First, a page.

Is Saddam Hussein dead? Is he wounded? Or is he, in the words of U.S. Defense Secretary Donald Rumsfeld, “healthy and cowering in some tunnel someplace trying to avoid being caught”?
One thing is certain: Saddam Hussein is no longer in control of Iraq. For the Iraqi people, the day of the dictator is over.
On April 9th, people around the world watched the televised images of Iraqis demolishing a six-meter-high statue of Saddam Hussein in Baghdad. With the help of U.S. Marines, they toppled the statue, then danced and stomped on the broken pieces. In Baghdad neighborhoods, Iraqis chanted, “There is only one God and Saddam Hussein is an enemy of God.”
These are events, said Defense Secretary Rumsfeld, “that will shape the course of a country, the fate of a people, and potentially the future of the [Middle East] region”:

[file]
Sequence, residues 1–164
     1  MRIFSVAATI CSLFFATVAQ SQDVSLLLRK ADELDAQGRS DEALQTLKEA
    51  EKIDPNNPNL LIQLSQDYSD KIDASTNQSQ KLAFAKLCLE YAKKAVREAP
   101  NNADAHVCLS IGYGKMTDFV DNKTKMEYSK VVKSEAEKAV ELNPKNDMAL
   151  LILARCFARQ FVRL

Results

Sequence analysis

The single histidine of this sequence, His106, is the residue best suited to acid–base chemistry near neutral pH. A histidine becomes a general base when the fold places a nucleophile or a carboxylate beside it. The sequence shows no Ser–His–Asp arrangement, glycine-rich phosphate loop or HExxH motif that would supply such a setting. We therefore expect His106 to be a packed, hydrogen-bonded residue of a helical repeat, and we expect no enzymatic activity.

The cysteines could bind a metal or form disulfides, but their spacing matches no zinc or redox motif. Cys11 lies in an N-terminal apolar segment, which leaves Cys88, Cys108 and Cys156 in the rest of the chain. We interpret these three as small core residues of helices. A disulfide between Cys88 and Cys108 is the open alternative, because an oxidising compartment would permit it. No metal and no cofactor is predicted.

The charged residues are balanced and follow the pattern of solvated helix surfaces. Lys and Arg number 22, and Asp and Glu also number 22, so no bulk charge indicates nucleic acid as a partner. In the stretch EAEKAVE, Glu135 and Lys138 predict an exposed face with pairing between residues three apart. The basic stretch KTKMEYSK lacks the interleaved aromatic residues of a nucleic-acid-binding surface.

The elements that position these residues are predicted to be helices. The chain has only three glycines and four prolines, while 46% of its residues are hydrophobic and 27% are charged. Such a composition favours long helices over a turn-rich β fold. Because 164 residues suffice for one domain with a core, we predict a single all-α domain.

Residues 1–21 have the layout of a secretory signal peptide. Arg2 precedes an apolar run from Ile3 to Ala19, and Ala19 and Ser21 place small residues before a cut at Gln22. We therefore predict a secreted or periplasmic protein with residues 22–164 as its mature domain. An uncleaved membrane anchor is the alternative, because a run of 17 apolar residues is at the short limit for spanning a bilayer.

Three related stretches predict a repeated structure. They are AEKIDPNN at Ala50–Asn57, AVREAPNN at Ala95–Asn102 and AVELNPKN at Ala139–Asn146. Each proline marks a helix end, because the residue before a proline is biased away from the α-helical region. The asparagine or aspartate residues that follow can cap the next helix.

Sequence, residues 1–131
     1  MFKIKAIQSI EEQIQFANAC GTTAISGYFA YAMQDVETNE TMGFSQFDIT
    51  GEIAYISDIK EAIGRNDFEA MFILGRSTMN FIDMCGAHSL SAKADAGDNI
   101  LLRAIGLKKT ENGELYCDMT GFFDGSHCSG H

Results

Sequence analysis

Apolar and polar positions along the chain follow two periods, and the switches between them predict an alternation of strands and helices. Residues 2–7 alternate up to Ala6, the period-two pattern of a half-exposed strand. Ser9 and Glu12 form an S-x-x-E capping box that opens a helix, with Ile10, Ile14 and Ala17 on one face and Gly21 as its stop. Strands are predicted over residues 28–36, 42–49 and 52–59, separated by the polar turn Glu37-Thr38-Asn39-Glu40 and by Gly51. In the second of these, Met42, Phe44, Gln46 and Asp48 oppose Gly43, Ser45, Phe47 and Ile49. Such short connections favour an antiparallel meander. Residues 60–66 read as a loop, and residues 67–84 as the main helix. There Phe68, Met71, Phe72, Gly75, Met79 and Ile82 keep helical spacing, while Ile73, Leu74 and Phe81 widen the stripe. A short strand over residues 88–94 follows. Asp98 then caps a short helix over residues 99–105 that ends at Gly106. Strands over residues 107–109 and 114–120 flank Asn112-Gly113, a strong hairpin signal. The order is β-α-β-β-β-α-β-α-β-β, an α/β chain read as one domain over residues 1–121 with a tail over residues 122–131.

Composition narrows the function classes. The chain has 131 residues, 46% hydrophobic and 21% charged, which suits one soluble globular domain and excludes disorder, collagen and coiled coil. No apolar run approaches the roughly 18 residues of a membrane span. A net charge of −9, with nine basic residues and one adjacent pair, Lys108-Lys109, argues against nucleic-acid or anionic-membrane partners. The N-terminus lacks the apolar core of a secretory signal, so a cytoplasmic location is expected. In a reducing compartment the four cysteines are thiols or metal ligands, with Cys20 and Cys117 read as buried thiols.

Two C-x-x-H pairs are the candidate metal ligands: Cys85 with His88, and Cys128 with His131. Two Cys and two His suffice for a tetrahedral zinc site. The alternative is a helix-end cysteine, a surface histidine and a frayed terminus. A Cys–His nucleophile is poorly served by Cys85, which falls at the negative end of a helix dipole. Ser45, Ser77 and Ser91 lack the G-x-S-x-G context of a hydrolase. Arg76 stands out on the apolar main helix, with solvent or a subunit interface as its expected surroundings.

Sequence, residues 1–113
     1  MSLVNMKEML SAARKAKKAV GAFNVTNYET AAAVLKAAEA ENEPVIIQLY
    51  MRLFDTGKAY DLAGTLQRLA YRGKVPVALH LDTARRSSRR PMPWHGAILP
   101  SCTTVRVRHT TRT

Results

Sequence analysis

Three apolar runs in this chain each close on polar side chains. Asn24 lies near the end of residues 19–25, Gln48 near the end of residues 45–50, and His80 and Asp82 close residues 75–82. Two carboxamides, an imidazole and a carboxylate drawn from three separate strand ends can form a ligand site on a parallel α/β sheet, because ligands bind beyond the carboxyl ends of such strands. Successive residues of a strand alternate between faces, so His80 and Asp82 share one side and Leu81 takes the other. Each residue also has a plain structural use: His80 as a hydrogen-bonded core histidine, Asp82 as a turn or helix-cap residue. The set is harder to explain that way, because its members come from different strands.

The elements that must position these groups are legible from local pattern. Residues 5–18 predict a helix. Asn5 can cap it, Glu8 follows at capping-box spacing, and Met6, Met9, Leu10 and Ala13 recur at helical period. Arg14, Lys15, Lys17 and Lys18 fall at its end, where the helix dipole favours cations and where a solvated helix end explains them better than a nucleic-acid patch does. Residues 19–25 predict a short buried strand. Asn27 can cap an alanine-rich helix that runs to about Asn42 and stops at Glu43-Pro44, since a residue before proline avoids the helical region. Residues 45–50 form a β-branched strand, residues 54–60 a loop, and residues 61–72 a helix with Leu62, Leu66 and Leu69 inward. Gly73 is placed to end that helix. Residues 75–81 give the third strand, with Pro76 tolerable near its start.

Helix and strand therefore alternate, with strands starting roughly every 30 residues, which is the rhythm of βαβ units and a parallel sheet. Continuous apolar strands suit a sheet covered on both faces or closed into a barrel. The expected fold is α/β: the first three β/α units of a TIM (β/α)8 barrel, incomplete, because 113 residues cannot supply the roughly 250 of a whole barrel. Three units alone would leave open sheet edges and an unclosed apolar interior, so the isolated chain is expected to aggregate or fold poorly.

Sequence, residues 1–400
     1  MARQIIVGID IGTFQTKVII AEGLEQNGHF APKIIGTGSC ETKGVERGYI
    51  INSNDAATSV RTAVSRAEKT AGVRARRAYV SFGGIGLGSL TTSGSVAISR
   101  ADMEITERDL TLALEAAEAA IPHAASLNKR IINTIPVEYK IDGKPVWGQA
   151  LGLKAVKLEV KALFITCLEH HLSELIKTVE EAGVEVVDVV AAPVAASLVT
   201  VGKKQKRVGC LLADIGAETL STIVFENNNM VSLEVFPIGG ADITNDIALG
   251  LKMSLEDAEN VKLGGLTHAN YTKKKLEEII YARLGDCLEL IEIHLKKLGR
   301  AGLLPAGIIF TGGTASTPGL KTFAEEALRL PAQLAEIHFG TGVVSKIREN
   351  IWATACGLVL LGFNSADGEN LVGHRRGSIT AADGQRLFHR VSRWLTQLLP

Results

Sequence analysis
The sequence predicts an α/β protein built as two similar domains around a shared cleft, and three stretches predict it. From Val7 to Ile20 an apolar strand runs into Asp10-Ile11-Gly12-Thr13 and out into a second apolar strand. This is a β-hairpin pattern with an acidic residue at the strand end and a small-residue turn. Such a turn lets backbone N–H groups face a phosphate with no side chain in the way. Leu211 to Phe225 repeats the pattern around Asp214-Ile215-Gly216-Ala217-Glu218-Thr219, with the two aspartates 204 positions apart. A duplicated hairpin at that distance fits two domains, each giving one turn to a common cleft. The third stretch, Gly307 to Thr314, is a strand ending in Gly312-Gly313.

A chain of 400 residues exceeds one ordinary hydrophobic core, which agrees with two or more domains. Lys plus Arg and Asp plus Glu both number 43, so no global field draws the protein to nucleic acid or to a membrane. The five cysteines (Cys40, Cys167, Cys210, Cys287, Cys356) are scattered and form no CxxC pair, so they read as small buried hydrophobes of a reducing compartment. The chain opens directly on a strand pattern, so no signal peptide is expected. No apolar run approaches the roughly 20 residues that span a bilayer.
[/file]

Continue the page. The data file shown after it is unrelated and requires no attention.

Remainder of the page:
“Saddam Hussein is now taking his rightful place alongside Hitler, Stalin, Lenin, [and Romanian dictator Nicolae] Ceausescu in the pantheon of failed, brutal dictators, and the Iraqi people are well on their way to freedom.”
Freedom and security for the Iraqi people will not come overnight -- or without a lot of work. But the U.S.-led coalition will finish the job it has started. The coalition will move as quickly as possible to place governmental responsibilities in the hands of an interim authority composed of Iraqis from inside and outside the country. The interim authority will serve until a permanent government can be chosen by the Iraqi people. “We’re going to see it through,” said President George W. Bush:
“A free Iraq will be ruled by laws, not by a dictator. A free Iraq will be peaceful, and not a friend to terrorists or a menace to its neighbors. A free Iraq will give up all its weapons of mass destruction. A free Iraq will set itself on the path to democracy.”
As President Bush said, “freedom’s taste is unquenchable.”